If you don't want to commit to the time and expense of an elimination trial you can attempt to rule out potentially offending ingredients by trying a range of ‘hypoallergenic’ or low allergy diets. These are diets which have been specifically formulated using ingredients that are less likely to cause food allergies. This is a much less accurate method and involves more trial and error than undergoing a strict diet elimination trial using a prescription product.

Our Ocean Fish formula contains NZ King Salmon and fish meal as its protein source and rice as its carbohydrate source and so is ideal to try if you are in this situation.

Most grain free foods will tout themselves as being hypoallergenic, blaming wheat as the main cause of food allergies. But from our table above we can see that protein source is by far the more likely cause of a food allergy. So a grain free food containing beef, chicken or lamb is unlikely to be true to this claim.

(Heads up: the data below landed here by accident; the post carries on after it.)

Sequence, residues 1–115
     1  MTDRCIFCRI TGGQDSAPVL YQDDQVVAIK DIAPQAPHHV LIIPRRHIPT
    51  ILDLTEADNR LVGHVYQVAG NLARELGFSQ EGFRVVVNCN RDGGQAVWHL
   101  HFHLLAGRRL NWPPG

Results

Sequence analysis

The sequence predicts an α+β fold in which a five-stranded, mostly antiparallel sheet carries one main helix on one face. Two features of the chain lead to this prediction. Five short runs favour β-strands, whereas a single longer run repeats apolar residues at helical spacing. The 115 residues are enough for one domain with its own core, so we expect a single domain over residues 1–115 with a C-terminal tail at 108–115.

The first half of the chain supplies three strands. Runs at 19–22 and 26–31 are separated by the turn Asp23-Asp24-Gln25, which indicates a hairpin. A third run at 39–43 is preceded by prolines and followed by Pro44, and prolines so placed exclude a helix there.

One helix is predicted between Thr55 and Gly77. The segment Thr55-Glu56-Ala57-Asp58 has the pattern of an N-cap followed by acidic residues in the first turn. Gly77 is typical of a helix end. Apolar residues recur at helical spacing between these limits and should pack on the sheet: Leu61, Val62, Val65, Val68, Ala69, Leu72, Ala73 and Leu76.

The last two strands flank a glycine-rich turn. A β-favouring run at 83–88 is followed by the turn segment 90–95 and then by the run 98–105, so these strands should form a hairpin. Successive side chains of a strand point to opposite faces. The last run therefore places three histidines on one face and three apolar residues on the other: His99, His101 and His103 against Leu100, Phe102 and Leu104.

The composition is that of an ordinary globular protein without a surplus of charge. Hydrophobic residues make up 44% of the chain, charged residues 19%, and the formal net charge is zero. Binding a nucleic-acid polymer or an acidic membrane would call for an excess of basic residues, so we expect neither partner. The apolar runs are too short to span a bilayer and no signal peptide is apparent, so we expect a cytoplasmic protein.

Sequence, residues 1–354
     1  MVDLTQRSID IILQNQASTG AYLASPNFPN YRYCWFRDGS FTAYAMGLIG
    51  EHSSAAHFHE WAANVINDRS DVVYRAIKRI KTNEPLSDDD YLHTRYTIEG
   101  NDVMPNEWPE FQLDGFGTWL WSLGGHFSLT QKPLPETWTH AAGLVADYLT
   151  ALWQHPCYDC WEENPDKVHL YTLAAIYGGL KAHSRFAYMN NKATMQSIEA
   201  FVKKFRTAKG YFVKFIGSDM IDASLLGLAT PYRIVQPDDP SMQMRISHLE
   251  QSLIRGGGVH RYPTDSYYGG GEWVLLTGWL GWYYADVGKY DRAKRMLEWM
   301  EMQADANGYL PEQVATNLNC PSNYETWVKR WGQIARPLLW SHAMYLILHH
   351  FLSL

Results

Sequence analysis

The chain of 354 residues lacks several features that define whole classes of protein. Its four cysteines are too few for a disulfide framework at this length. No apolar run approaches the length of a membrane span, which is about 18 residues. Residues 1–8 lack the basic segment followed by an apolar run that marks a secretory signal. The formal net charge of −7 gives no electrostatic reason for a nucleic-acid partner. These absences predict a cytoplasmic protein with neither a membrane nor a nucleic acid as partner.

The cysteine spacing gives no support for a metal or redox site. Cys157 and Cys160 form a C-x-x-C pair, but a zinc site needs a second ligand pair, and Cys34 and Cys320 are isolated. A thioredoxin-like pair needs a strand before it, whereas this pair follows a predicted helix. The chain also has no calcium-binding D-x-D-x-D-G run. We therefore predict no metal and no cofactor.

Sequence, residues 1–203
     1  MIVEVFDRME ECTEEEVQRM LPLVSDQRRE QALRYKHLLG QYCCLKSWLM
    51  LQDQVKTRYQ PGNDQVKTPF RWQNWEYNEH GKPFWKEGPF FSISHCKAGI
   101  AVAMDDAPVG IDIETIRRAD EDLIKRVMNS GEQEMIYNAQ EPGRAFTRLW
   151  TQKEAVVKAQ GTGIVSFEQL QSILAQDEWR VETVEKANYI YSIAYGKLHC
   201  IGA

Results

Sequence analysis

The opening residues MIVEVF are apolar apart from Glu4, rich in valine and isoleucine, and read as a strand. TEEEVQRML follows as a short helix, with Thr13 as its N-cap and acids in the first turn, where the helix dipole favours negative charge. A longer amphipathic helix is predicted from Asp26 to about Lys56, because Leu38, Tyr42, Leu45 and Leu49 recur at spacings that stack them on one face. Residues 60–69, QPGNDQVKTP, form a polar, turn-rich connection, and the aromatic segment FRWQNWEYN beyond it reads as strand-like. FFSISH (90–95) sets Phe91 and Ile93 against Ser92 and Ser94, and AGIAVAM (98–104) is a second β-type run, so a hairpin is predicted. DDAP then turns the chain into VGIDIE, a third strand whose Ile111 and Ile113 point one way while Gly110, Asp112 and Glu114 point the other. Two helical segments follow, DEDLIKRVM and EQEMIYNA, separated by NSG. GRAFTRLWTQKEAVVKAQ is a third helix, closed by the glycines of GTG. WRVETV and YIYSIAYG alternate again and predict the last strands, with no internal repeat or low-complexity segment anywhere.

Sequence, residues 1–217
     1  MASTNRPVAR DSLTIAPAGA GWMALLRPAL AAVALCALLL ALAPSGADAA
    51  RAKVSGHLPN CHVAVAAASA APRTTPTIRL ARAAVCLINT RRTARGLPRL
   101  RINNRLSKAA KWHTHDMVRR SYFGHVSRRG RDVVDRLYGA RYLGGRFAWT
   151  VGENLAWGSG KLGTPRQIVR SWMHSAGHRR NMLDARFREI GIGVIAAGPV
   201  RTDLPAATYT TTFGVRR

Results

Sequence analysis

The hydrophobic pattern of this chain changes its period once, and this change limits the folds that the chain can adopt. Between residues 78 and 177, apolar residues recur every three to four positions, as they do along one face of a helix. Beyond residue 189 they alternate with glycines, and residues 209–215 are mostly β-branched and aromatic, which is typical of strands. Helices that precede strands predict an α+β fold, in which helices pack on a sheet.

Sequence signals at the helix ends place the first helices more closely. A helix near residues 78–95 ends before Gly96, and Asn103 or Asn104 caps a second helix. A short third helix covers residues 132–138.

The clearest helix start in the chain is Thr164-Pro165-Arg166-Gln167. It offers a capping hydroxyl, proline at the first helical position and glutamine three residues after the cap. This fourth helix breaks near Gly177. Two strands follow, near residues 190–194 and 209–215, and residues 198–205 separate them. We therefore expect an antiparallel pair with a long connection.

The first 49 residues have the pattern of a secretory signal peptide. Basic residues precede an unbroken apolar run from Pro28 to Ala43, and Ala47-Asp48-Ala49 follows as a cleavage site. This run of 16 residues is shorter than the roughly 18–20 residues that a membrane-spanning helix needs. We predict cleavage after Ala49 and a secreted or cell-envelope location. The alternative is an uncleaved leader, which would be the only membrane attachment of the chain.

Take home messages

Having read all this, I’m hoping that you’ve picked up these key messages:

  • Allergic skin diseases are not always simple to fix, as you may be dealing with more than one underlying cause
  • If you are having ongoing skin issues, your vet is the best place for advice and a properly structured dietary elimination trial is the ideal approach
  • Grain free does not equal hypoallergenic! If you have an itchy dog don’t choose a food based on whether it is ‘grain free’ or not, especially as we know that these foods are causing heart issues in some pets.
  • If you haven’t done an elimination trial then choose a food based on what the protein source is, as that is by far the most likely culprit for causing a food based skin or gut problem